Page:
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I compiled a small "hello world" C program on Ubuntu 10.04 32 bit machine. Then I put the executable(a.out) on Ubuntu 12.10(64 bit) VMWare virtual machine and tried to execute it(./a.out). The OS does not identify the file and says 'No such file or directory'. But when I put the same executable on a Ubuntu 12.10(64 bit) running on a 64 bit laptop, it runs fine and I get the desired output. The VM is running on IBM Blade Servers. I wanted to know why the results for a VM?

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2 Answers 2

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The message No such file or directory does not refer to your executable file: a.out. Instead it refers to a helper program that’s needed to run the 32 bit dynamically linked executable a.out.

Now, I found all of these very well explained in this nice article:

Static and dynamic linkage

There are two types of binary executables: statically linked and dynamically linked ones. First about the statically linked ones: When a program wants to call a library function, it refers to it by name. When building the program from source, all library functions used in the program are copied from the library into the program. The program then contains its own code as well as the code of the library functions it uses. Then in the calling places the name is changed to the address of the corresponding function in the program. This process is called linking because it links together the name of a function with the function itself, its implementation. It’s called static, because the link cannot be changed after the program has been built.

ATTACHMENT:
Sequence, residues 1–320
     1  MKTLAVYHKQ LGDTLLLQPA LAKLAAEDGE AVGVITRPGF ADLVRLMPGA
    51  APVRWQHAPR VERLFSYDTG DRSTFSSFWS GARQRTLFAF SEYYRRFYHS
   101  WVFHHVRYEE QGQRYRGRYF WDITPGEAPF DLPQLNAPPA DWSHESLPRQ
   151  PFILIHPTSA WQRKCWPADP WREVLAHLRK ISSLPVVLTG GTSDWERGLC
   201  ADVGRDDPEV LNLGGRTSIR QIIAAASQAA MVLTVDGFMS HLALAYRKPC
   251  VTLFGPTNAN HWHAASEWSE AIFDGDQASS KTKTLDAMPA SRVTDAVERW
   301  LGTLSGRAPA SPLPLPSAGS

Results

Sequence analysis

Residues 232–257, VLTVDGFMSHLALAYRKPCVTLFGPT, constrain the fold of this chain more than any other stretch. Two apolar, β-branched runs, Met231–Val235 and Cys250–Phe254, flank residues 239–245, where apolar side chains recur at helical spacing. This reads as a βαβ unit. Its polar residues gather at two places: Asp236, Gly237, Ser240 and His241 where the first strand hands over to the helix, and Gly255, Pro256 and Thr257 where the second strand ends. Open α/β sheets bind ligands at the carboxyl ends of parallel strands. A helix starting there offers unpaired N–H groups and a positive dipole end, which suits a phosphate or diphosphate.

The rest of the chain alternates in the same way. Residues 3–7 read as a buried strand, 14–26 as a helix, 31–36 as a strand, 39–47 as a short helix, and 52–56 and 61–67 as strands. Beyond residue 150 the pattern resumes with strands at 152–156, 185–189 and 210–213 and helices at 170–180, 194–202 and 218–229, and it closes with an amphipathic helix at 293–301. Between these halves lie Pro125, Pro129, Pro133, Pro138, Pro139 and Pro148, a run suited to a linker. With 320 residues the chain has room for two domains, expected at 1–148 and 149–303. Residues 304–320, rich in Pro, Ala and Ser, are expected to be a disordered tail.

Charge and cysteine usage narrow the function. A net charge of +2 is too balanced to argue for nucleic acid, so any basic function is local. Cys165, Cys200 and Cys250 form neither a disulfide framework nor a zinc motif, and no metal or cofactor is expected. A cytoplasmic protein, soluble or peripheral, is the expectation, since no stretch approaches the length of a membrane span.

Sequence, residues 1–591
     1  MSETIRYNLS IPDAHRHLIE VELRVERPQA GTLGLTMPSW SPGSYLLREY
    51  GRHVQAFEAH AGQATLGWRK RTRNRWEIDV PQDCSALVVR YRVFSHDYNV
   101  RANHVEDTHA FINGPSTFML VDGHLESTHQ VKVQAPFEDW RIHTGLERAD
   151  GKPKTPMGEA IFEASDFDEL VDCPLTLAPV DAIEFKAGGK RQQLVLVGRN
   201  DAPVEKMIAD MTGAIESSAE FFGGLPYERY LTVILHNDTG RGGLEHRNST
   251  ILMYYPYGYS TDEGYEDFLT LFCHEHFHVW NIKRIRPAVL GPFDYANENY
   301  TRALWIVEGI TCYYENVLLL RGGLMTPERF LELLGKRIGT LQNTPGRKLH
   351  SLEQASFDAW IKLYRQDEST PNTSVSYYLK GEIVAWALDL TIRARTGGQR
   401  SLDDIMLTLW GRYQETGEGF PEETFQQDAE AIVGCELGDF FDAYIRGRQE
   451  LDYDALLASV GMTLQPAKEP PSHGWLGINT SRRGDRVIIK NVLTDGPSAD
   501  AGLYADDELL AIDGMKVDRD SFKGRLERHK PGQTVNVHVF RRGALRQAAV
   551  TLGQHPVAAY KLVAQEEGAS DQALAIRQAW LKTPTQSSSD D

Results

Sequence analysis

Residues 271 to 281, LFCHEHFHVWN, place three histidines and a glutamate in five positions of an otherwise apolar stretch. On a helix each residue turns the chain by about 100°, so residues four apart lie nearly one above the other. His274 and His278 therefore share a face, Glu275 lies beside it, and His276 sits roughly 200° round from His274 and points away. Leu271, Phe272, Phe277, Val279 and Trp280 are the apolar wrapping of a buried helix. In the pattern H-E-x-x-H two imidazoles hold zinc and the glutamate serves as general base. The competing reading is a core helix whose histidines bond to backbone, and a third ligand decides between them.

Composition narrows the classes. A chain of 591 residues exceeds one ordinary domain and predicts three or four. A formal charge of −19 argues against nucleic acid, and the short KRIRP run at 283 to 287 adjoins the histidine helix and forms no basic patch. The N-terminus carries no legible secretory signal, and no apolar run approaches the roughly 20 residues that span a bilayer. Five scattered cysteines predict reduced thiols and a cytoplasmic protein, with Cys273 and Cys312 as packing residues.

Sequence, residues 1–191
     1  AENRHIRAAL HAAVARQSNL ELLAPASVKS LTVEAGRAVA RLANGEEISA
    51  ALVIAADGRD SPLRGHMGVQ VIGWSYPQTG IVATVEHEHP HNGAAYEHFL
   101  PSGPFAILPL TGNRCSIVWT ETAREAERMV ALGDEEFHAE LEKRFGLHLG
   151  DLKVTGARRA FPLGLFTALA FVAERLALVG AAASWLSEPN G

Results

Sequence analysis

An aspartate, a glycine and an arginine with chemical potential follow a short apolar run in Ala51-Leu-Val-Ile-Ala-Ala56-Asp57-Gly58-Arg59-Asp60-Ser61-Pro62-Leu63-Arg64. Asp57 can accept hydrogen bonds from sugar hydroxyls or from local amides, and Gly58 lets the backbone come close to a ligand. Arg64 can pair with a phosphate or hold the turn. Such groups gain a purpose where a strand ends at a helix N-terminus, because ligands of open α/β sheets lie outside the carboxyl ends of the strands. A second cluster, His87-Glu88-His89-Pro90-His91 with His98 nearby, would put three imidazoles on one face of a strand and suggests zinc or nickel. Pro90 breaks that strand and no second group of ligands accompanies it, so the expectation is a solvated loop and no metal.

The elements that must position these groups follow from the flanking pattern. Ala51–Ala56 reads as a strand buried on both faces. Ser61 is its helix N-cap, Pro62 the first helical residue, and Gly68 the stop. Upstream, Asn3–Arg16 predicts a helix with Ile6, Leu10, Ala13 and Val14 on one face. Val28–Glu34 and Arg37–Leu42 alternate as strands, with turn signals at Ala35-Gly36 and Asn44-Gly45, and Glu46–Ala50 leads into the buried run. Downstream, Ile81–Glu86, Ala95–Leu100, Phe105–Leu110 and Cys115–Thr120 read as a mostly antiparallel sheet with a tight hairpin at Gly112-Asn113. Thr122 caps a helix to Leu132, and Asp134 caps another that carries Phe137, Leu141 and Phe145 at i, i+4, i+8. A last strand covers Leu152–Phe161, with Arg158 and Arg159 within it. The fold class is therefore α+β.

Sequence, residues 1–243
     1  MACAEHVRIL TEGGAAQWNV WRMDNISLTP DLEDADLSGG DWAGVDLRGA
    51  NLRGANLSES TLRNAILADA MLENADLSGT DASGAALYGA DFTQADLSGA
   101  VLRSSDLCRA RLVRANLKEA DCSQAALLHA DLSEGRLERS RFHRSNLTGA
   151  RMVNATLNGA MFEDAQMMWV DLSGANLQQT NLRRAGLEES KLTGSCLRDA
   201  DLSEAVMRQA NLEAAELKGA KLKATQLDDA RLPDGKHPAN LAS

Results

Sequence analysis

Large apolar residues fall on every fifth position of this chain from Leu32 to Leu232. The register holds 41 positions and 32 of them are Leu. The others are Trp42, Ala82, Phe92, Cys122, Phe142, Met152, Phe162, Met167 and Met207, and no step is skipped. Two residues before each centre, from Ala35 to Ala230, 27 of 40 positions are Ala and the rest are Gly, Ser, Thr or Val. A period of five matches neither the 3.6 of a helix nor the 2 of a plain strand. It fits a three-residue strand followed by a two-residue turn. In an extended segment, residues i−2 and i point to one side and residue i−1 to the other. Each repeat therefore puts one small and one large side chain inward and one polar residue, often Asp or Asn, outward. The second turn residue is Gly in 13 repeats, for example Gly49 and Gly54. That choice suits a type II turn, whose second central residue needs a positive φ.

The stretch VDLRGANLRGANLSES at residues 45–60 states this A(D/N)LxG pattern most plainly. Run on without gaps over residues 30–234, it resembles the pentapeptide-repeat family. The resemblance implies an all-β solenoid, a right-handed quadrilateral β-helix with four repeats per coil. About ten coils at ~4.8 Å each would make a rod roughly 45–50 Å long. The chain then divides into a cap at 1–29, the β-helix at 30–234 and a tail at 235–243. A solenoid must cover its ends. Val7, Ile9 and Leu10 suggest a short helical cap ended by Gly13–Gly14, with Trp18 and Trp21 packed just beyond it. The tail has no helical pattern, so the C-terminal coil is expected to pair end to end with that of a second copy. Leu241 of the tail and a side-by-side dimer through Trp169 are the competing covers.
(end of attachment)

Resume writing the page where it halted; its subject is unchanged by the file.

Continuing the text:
Dynamically linked programs work differently: The program also refers to library functions by name. When building the program, two lists are assembled and stored together with the program: a list of which library functions are used in which places, and a list of the libraries that contain the functions used by the program. That’s all for building the program.

Later, at execution time, a special helper program, the so-called dynamic linker, looks in specific places in the file system for each library on the library list and loads it into memory. Now the dynamic linker knows at what memory addresses the library functions are available. It uses the first list to write the correct address in all places that call library functions. Then the dynamically linked program can be run.

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This "No file found" error message confused me too the first time °͜°, then I understood it meant some file required by the app was missing. –  Ramchandra Apte Oct 9 '13 at 2:55

You might be able to see what it's trying to load using strace (program).

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